October 25th – at Texas           Colorado 47, Texas 30

During the week leading up to the Kansas game, the Colorado coaching staff had adopted the phrase “relentlessly positive” as the slogan for the remainder of the season. It was the staff’s intention to keep the Buffs upbeat and optimistic, despite the 2-3 start to the 1997 season.

The first week of the new campaign was a great success, in part due to an inept Kansas squad which came to Boulder carrying a suspect 4-2 record (only one win over a team with a winning record).

The schedule now put forth a greater test for the now 3-3 Buffs … the Texas Longhorns, with the game to be played in Austin.

Coming into the game, the Buffs had several factors working for them. First, Colorado had a five game winning streak against Texas, dating back to 1989. Second, the Longhorns, who had shocked the nation in upsetting Nebraska in the inaugural Big 12 Championship game in 1996, were struggling as much as the Buffs.

Like the Buffs, the Longhorns were 3-3 on the season. Texas had struggled to beat Rice (38-31) and Oklahoma (27-24), while being mauled by UCLA (66-3) and Oklahoma State (42-16). Entering the Colorado game, the Longhorns were coming off of a 37-29 defeat at the hands of the Missouri Tigers, a team Texas had not previously lost to since 1916.

In the 1997 preseason AP poll, Colorado had been ranked No. 8; Texas No. 12. The game looked on the calendar to be a potential preview of the Big 12 Championship. By late October, though, the game was for pride and potential bowl possibilities.

One needed to be “relentlessly positive” just to have enthusiasm for the game.

Fortunately for Colorado, Texas struggled just that much more. The Longhorns’ defense could not stop the Buffs, and CU rolled to a 47-30 win.

Trailing 3-0 midway through the first quarter, the Buffs put together a nine play drive, culminating in quarterback John Hessler’s 18 yard option keeper for a 7-3 CU lead. It would be a lead Colorado would not surrender the remainder of the day.

Still, at times it appeared that the Buffs were unaccustomed to success. Perhaps fearful that a blowout would cause the regional ABC television crowd to start channel surfing, the Buffs refused to put the Longhorns away. With less than two minutes remaining in the first half, Hessler hit receiver Phil Savoy on a 45-yard pass to put the Buffs on top 24-10. Unable to withstand prosperity, CU allowed Texas to march 80 yards in just three plays to score on a one-yard Ricky Williams run as time expired in the second quarter. 24-17, Colorado, at halftime.

In the third quarter, the Buffs again had the chance to put Texas away. Quarterback James Brown threw interceptions on the Longhorns’ first three possessions of the second half, the first of which was returned by safety Ryan Sutter 34 yards for a score to put the Buffs up 31-17. The other interceptions, though, led to only 9 more points, however, as the Buffs failed to show a killer instinct.

Down 40-17 entering the final stanza, Texas tried to make a game of it, scoring twice . The second touchdown made the score 40-30 with 5:08 remaining. With time still left for a Texas comeback, the CU offense finally put the game away, constructing a nine-play, 80-yard drive, culminating with a one yard dive by Herchell Troutman with only 32 seconds left on the game clock.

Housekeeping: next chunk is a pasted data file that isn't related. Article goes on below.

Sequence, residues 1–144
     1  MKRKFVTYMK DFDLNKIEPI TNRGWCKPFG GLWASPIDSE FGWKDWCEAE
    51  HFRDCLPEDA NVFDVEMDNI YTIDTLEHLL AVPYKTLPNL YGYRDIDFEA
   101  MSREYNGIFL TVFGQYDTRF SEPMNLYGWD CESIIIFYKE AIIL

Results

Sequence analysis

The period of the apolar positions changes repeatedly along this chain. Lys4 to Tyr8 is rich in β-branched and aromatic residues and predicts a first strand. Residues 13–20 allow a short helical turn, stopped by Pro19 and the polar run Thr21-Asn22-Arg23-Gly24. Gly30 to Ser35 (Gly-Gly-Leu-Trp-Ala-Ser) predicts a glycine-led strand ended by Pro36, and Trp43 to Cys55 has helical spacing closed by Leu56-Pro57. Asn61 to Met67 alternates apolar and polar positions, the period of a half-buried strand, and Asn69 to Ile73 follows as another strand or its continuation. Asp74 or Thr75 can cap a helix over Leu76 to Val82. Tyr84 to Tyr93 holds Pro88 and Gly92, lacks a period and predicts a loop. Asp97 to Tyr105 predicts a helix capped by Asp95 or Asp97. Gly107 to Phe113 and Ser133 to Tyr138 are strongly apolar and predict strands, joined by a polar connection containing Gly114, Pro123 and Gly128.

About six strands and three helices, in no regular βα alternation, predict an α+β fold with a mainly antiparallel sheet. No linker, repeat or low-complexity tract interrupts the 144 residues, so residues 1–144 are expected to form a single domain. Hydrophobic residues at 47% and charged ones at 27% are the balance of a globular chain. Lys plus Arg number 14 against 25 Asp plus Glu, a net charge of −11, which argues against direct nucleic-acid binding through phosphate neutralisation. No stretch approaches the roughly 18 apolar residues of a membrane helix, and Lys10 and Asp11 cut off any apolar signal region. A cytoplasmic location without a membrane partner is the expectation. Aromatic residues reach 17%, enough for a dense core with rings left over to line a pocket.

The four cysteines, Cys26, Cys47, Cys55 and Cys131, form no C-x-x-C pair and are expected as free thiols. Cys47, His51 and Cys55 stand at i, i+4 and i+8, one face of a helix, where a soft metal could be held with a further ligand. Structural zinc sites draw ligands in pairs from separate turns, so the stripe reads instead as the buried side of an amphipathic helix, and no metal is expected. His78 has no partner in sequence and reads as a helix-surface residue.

47-30, Colorado.

Colorado now had a 4-3 record, 2-2 in conference play. The Colorado defense picked off two Texas quarterbacks a total of five times, the best such mark since 1992 (v. Oklahoma). Coming into the Texas game, the Buffs’ coaching staff had expanded upon the “Relentlessly Positive” theme of the week before.

“Continue to Climb” was the new mantra. The struggling Buffs had gone on the road against an equally desperate team, and had come out a winner. For his part, head coach Rick Neuheisel felt the team was back on track: “I said our goals after the two game losing streak were to: one, get ourselves into the postseason; and two, make sure that we stay positive, regardless of what was taking place.”

After the Texas game, both goals were well on their way to achievement.

Just one week later, both goals were in great jeopardy.

Game Notes …

– The Buffs inability to score touchdowns after turnovers proved beneficial for CU kicker Jeremy Aldrich. The sophomore tied a school record in connecting on four field goals. Aldrich hit a 35-yarder in the second quarter to give the Buffs a 10-3 lead, and then hit from 26, 48, and 46 yards in the third quarter, extending the CU lead from 31-17 to 40-17.

– Senior safety Ryan Sutter had two interceptions on the day, with the three other picks coming from junior linebacker Terrell Cade, freshman cornerback Ben Kelly, and sophomore cornerback Damen Wheeler.

– Marlon Barnes led the Buffs with 93 yards on 17 carries, and would likely have had his second consecutive 100-yard game, but left the game with a knee sprain after a second half kickoff. Wide receiver Phil Savoy led the wide outs with 92 yards on only four catches.

– For the second game in a row, the Buffs posted over 200 yards rushing (208) and 200 yards passing (211).

– After losing to Colorado, the Longhorns fell to 3-4 on the 1997 season. Texas, ranked 12th in the preseason poll, would go on to win only one more game to finish 4-7. The losing season brought an end to the John Mackovic era in Austin. Mackovic, the former head coach of the Kansas City Chiefs in the NFL, finished his six year stint at Texas with a 41-28-2 overall record, with one Big 12 championship but three losing seasons. Mackovic’s replacement? Mack Brown.


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